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Religiosity and Subjective Well-Being Among Old People: Evidence from a Transitional Country

Abstract

Using data from the 2011 Vietnam National Aging Survey, we examined whether religion is associated with subjective well-being (i.e. happiness or life satisfaction) among old people in Vietnam. Our regression analysis provided the first evidence that some religious affiliations are negatively related to happiness. Buddhists and Caodaists are less happy than their non-religious counterparts, even after controlling for several household and individual attributes. However, this negative association does not hold for Christians. This finding is robust to the choice of key covariates and specification of econometric models. Our finding supports the hypothesis that religiosity tends to be linked with unhappiness in transitional countries possibly because in these countries those who are religious often consist disproportionately of new, relatively unhappy recruits.

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Notes

  1. As noted by Veenhoven (2002, p. 8): “Social policy makers need both objective and subjective indicators. Though subjective indicators have their limitations, objective indicators also labor under serious shortcomings. For some purposes objective indicators are best suited, for other uses subjective indicators are preferable”.

  2. If an individual’s level of life satisfaction reflects a balance between aspirations and attainments, one can enhance happiness either by increasing attainments, or by lowering one’s aspirations. Many religions tend to do the latter, encouraging people to reduce their aspirations (Inglehart 2010).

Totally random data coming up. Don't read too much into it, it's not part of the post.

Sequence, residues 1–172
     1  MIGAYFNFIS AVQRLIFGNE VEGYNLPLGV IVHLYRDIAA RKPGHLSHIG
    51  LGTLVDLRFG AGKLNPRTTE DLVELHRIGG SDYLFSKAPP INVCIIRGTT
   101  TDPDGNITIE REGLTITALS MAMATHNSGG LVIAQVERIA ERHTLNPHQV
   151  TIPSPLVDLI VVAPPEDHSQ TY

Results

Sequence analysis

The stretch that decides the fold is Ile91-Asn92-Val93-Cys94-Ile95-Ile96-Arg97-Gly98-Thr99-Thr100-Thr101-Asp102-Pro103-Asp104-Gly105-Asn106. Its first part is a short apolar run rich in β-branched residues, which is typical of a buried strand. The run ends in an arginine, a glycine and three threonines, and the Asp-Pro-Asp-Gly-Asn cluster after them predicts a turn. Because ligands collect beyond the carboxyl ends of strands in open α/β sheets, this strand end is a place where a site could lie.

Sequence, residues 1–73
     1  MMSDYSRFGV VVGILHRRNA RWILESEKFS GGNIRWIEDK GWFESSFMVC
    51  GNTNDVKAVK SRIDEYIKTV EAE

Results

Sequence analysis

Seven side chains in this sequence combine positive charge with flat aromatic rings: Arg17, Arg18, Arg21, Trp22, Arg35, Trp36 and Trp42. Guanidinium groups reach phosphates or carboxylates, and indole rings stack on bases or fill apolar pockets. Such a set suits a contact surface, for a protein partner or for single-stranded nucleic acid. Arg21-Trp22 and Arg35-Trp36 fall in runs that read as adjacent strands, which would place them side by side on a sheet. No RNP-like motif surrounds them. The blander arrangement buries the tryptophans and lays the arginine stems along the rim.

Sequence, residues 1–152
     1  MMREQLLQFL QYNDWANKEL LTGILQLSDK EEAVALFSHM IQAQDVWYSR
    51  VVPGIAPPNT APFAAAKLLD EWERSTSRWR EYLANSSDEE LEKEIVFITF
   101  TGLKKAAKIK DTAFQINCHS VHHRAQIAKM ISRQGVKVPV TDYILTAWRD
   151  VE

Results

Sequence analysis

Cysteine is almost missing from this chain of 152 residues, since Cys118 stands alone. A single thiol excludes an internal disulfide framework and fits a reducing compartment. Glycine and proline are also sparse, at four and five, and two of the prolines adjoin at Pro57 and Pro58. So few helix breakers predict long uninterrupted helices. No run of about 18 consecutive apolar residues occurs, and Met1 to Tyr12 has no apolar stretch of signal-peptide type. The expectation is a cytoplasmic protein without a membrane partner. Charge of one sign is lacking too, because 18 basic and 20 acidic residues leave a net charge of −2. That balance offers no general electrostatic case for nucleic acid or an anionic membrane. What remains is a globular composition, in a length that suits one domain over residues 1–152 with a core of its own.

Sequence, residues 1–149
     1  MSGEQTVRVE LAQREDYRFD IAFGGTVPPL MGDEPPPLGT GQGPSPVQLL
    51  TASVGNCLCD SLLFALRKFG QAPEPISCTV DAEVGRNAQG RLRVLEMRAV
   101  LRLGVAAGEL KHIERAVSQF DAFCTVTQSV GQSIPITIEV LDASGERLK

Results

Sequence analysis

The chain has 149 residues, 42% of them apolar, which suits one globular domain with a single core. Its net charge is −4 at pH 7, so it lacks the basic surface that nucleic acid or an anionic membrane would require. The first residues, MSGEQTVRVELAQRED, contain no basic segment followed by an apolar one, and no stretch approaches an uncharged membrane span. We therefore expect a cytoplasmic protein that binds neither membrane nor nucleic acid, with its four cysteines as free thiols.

3. The proportion of older population who were religious in the 2011 VNAS is higher than the proportion of people who are religious among Vietnam’s population (all age groups) (30%) in 2011. See more in the world-wide poll conducted by WIN-Gallup International (Gallup International 2012).

  4. Another possible explanation, is similar to that used by Gray et al. (2008), is that while many Vietnamese old people in rural areas do not live with their children or grandchildren, their home close to their children/grandchildren’s home. Furthermore, although the elderly do not co-reside with their children/grandchildren, their children/grandchildren still contribute positively to their material well-being and still maintain contact and visits.

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Correspondence to Tuyen Quang Tran.

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Tran, T.Q., Nguyen, T.Q., Van Vu, H. et al. Religiosity and Subjective Well-Being Among Old People: Evidence from a Transitional Country. Applied Research Quality Life 12, 947–962 (2017). https://doi.org/10.1007/s11482-016-9500-9

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  • DOI: https://doi.org/10.1007/s11482-016-9500-9

Keywords

  • Aging
  • Elderly
  • Religiosity
  • Subjective well-being
  • Transitional countries